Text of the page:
We only had, what was it, three arguments during this morning's procedures. And we've agreed on proposals for re-decorating upstairs in the coming months. As you can see below, this bedroom, decorated in primary colours to our younger daughter's specification when she was eight (she's now 28) needs to be first on the list.
|After they'd gone|
There was one major incident when our younger daughter told our elder that she "Hates Mum", provoking elder to give back her present and declare that she did not want to have anything more to do with her sister. I think we've managed to overcome this.
I got through hosting the New Year's Eve dinner party for eight by devoting a whole day to skivvying, helping with all preparations (hub did the cooking), and by not drinking any alcohol at all. You will see why this was necessary when I tell you that his menu plan included the following:
Two starters, for one of which he insisted on making his own mayonnaise from raw eggs. For the other he made vegetable stock by boiling a saucepan full of fresh veg which then had to be thrown out. (Stock cubes and mayo from a jar are anathema).
Three puddings, nothing simple like fruit salad. Apricot frangipane tart (he made his own pastry and his own frangipane, you could just grate marzipan). Cheesecake, (again, he made his own sponge base, you could use mashed up biscuit crumbs in butter). And Delia's ginger sponge puddings, which involve three steps, make the sponge, grill it, and cover it with a creamy ginger sauce.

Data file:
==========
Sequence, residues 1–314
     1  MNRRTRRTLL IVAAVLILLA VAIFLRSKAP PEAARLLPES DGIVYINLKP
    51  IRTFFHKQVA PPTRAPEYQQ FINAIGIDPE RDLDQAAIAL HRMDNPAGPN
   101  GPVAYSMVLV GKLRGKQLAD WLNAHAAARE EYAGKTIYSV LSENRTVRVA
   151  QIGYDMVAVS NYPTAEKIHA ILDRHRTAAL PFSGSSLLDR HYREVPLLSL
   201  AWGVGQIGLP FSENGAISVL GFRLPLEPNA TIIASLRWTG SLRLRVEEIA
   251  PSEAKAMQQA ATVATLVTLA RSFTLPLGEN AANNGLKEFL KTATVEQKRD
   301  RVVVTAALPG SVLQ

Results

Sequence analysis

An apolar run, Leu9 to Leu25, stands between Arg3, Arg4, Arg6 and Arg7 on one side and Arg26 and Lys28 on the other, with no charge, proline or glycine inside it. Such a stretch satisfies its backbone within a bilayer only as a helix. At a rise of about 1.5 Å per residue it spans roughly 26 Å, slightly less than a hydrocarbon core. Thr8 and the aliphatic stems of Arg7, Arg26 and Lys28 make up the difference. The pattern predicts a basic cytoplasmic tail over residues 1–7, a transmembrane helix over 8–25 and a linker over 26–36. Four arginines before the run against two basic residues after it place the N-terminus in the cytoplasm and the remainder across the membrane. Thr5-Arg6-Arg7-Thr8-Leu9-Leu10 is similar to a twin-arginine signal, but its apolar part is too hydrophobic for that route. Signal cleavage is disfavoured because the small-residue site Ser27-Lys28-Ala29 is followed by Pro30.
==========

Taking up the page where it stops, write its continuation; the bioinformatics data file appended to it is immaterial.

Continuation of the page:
The main course I have left until last, as reading it might cause a loss of will to live.
Pea puree (with fresh mint). Asparagus. Lemon sauce (made by melting butter and zesting fresh lemons). And the centrepiece - salmon fishcakes.
For this, you have to peel, boil and mash potatoes, and bake the salmon in an aromatic bath in the oven. Then you flake the salmon and mix with shallots and a few other flavourings. Form into balls, dip them in raw egg, then breadcrumbs (home-made, naturally), and finally fry in a deep-fat fryer.
I spotted hubby hovering over the supposedly automatic fryer with the basket in one hand and a jam thermometer in the other, constantly monitoring their progress.
So, an eight-stage process, which ended this morning with us throwing out all the oil from the chip pan (after two arguments provoked by the difficulties), and me saying, with deep feeling, "I really, really hope you never make that dish again."
|Chip Pan Dismantled in Disarray, a Defective Robot.|
In his book, Gary Rhodes describes his recipe with the words, "This is simple to make."
Fortunately the neighbours seemed to really enjoy the party. They blew whistles, balloons and pea-shooters with abandon, helped by plenty of wine. The meal ended with indoor fireworks.